Quantum Memory Management

A program always starts without qubits, meaning you cannot pass values of type Qubit as entry point arguments. This restriction is intentional since the purpose of Q# is to express and reason about a program in its entirety. Instead, a program allocates and releases qubits, or quantum memory, as it goes. In this regard, Q# models the quantum computer as a qubit heap.

Rather than supporting separate allocate and release statements for quantum memory, Q# supports quantum memory allocation in the form of block statements, where the memory is accessible only within the scope of that block statement. The statement block can be implicitly defined when allocating qubits for the duration of the current scope, as described in more detail in the sections about the use and borrow statements. Attempting to access the allocated qubits after the statement terminates results in a runtime exception.

Q# has two statements, use and borrow, that instantiate qubit values, arrays of qubits, or any combination thereof. You can only use these statements within operations. They gather the instantiated qubit values, bind them to the variables specified in the statement, and then run a block of statements. At the end of the block, the bound variables go out of scope and are no longer defined.

Q# distinguishes between the allocation of clean and dirty qubits. Clean qubits are unentangled and are not used by another part of the computation. Dirty qubits are qubits whose state is unknown and can even be entangled with other parts of the quantum processor's memory.

Use statement

Clean qubits are allocated by the use statement.

  • The statement consists of the keyword use followed by a binding and an optional statement block.
  • If a statement block is present, the qubits are only available within that block. Otherwise, the qubits are available until the end of the current scope.
  • The binding follows the same pattern as let statements: either a single symbol or a tuple of symbols, followed by an equals sign =, and either a single tuple or a matching tuple of initializers.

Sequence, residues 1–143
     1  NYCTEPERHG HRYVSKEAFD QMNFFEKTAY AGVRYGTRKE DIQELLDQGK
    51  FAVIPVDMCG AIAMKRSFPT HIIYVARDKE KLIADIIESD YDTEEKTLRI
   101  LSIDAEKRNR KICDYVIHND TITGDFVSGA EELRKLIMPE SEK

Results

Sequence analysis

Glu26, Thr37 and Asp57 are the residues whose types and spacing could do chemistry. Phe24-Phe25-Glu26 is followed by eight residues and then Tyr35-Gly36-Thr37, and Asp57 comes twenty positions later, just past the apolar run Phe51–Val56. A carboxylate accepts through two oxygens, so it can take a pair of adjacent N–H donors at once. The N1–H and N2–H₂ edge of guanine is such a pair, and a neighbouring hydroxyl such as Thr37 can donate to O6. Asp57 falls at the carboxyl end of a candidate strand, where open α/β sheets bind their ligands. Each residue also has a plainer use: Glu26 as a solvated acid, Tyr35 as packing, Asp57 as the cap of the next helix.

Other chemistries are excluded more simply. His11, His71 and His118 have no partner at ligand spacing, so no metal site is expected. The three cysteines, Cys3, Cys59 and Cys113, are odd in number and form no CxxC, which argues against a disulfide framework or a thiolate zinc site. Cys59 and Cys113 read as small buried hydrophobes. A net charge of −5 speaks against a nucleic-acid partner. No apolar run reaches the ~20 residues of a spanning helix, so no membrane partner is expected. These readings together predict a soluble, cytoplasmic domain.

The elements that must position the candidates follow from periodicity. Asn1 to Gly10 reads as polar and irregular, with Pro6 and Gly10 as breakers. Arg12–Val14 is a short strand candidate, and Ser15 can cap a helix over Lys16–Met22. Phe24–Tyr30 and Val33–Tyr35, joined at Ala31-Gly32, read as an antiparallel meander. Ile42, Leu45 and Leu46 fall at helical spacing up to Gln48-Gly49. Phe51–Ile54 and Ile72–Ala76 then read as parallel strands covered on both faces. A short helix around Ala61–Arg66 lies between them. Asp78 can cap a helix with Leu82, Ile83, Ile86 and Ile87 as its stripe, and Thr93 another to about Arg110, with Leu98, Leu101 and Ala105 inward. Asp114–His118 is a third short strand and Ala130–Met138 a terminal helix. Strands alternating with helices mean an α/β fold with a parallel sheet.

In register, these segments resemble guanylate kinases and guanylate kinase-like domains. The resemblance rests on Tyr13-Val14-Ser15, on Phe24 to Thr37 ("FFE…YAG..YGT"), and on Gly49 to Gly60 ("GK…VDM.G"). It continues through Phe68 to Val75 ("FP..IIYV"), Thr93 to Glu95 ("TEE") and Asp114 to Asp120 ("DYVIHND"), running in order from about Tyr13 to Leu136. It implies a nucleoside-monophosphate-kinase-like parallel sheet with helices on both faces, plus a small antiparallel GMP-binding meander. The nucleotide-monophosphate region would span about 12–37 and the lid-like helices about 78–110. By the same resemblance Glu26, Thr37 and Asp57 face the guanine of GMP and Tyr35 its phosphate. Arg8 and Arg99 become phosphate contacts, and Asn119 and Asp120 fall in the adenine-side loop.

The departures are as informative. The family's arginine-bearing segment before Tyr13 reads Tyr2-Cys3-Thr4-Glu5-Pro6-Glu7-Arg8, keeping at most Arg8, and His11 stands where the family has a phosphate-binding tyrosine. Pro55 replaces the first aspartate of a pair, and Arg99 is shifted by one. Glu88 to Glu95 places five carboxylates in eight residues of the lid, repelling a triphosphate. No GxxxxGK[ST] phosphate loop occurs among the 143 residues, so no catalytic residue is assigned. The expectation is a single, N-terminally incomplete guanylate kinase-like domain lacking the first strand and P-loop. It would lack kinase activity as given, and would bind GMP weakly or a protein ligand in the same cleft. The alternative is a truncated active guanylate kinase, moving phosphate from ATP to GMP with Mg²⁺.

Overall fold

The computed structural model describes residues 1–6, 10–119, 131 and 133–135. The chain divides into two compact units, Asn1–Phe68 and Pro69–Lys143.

Initializers are available either for a single qubit, indicated as Qubit(), or an array of qubits, Qubit[n], where n is an Int expression. For example,

use qubit = Qubit();
// ...

use (aux, register) = (Qubit(), Qubit[5]);
// ...

use qubit = Qubit() {
    // ...

use (aux, register) = (Qubit(), Qubit[5]) {
    // ...

The qubits are guaranteed to be in a |0⟩ state upon allocation. They are released at the end of the scope and are required to be in a |0⟩ state upon release. This requirement is not compiler-enforced since this would require a symbolic evaluation that quickly gets prohibitively expensive. When running on simulators, the requirement can be runtime enforced. On quantum processors, the requirement cannot be runtime enforced; an unmeasured qubit may be reset to |0⟩ via unitary transformation. Failing to do so results in incorrect behavior.

The use statement allocates the qubits from the quantum processor's free qubit heap and returns them to the heap no later than the end of the scope in which the qubits are bound.

Borrow statement

The borrow statement grants access to qubits that are already allocated but not currently in use. These qubits can be in an arbitrary state and need to be in the same state again when the borrow statement terminates. Some quantum algorithms can use qubits without relying on their exact state, and without requiring that they are unentangled with the rest of the system. That is, they require extra qubits temporarily, but they can ensure that those qubits are returned exactly to their original state, independent of which state that was.

If there are qubits that are in use but not touched during parts of a subroutine, those qubits can be borrowed for use by such an algorithm instead of allocating additional quantum memory. Borrowing instead of allocating can significantly reduce the overall quantum memory requirements of an algorithm and is a quantum example of a typical space-time tradeoff.

A borrow statement follows the same pattern described previously for the use statement, with the same initializers being available. For example,

borrow qubit = Qubit();
// ...

borrow (aux, register) = (Qubit(), Qubit[5]);
// ...

borrow qubit = Qubit() {
    // ...

borrow (aux, register) = (Qubit(), Qubit[5]) {
    // ...

The borrowed qubits are in an unknown state and go out of scope at the end of the statement block. The borrower commits to leaving the qubits in the same state as when they were borrowed; that is, their state at the beginning and the end of the statement block is expected to be the same.

The borrow statement retrieves in-use qubits that are guaranteed not to be used by the program from the time the qubit is bound until the last use of that qubit. If there aren't enough qubits available to borrow, then qubits are allocated from and returned to the heap like a use statement.


Among the known use-cases of dirty qubits are implementations of multi-controlled CNOT gates that require very few qubits, and implementations of incrementers. This paper on factoring with qubits provides an example of an algorithm that utilizes borrowed qubits.